Jan 23 2010

The Last Seven Days of Creation

Published by under Quotations

On the morning of the first day, man decided to be free and good, beautiful and happy. No longer the image of a God, but a man. And because he had to believe something, he believed in freedom and happiness, in numbers and quantities, in the stock exchange and in progress, in planning and in his security.  Because he had filled the ground at his feet with rockets and nuclear warheads, for his security.

On the second day, the fish in the waters of industry died. The birds died from the powder from the chemical factory, which was supposed to be for the caterpillars. The rabbits died from the clouds of lead from the streets. The dogs died from the beautiful red colour of the saveloys. The herrings died from the oil on the sea and from the rubbish on the ocean floor. For the rubbish was active.

On the third day, the grass on the fields, the leaves on the trees, the moss on the rocks, and the flowers in the gardens all died. For man now made the weather himself and distributed rain according to an exact plan. There was only a small error in the computer that distributed the rain. By the time they found the error, the barges were already lying on the dry riverbed of the beautiful Rhine.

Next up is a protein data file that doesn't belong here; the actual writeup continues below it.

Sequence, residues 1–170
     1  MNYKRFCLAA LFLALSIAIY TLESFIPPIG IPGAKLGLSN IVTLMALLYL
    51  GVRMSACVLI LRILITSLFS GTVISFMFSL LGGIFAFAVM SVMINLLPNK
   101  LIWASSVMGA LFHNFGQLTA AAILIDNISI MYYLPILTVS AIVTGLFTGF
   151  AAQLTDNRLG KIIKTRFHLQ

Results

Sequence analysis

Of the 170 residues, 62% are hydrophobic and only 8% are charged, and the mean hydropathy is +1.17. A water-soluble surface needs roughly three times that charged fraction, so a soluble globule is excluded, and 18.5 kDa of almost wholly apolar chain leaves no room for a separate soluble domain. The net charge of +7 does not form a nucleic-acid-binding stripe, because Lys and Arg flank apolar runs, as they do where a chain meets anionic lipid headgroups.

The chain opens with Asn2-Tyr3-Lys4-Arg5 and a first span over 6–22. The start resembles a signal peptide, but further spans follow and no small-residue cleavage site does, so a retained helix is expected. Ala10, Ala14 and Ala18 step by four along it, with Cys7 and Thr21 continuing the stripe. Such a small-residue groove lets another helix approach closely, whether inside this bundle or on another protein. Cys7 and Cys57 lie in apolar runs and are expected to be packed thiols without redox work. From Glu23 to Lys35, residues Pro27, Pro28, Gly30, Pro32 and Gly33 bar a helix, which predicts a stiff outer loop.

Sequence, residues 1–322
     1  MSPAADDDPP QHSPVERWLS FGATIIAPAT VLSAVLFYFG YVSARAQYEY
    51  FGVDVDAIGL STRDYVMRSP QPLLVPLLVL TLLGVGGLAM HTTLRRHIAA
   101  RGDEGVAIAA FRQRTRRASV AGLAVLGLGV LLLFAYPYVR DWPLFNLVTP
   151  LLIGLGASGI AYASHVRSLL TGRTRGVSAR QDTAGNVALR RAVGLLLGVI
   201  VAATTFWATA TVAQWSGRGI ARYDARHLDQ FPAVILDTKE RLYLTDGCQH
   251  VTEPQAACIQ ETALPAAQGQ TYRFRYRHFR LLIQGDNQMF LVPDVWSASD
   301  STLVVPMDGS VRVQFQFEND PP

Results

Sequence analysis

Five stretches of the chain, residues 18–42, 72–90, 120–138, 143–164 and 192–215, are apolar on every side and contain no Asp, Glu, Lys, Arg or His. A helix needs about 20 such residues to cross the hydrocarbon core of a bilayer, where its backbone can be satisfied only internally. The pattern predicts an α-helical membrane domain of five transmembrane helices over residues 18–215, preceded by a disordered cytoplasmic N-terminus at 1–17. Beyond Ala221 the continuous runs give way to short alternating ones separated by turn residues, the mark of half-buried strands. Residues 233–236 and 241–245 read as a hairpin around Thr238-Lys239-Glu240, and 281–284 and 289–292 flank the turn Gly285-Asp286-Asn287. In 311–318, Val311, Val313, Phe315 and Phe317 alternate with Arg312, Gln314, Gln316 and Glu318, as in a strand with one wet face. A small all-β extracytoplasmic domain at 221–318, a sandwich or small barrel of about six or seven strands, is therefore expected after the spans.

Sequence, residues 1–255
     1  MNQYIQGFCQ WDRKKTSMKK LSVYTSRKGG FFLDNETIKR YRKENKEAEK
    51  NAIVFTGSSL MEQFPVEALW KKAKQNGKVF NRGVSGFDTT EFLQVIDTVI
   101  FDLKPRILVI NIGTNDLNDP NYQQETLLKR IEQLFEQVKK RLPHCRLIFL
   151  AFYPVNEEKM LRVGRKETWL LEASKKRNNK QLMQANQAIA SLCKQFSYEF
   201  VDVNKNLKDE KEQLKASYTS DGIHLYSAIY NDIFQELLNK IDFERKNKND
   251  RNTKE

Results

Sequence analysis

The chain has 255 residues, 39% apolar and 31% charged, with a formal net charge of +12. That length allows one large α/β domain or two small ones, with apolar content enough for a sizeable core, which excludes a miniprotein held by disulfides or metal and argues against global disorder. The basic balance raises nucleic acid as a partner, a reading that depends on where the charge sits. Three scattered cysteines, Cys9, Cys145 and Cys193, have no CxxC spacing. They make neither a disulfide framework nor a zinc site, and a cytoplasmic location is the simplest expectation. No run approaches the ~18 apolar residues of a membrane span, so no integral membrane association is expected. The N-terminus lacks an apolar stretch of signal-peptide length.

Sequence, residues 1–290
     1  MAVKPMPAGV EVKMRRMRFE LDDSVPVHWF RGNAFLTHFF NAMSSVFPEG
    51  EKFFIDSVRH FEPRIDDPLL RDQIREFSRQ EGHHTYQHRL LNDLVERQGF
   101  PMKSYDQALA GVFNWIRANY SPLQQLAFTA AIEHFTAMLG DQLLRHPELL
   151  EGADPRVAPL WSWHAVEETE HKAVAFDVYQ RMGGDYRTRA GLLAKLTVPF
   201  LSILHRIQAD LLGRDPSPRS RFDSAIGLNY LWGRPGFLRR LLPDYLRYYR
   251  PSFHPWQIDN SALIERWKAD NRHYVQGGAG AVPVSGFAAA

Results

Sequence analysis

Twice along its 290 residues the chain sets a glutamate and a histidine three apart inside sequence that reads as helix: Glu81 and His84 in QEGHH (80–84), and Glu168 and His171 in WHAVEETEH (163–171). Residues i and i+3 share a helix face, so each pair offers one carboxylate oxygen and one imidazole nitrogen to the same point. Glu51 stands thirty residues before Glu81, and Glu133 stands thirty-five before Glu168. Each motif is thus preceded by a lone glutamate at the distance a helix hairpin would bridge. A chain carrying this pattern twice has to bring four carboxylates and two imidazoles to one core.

On the fourth day, three of the four billion people died. Some from the diseases that man had developed, because someone forgot to close the containers that were standing ready for the next war. And their medications didn’t help. They had already been used for too long in skin cream and pork loin. The others died from hunger, because some of them had hidden the key to the grain silos. And they cursed God, who after all owed them their happiness.

On the fifth day, the last people pressed the red button, because they felt threatened. Fire enveloped the earth, the mountains burned, the seas boiled, and the concrete skeletons in the cities stood black and smoking. And the angels in heaven saw how the blue planet turned red, then dirty brown and finally ash grey. And they interrupted their singing for ten minutes.

On the sixth day, the lights went out. Dust and ashes enveloped the sun, the moon and the stars. And the last cockroach that had survived in a missile bunker died from the excessive warmth, which didn’t suit it at all well.

On the seventh day there was rest. Finally. The earth was without form and void, and there was darkness over the tears and splits that had sprung up over the dry crust of the earth. And the spirit of the humans flittered about like a dead ghost over the chaos.

Way below, in hell, they told the thrilling story of how humans took the future in their own hands, and the roar of laughter rose right up to the choirs of angels.

Original by Jörg Zink. Translated by Laurie Chisholm.

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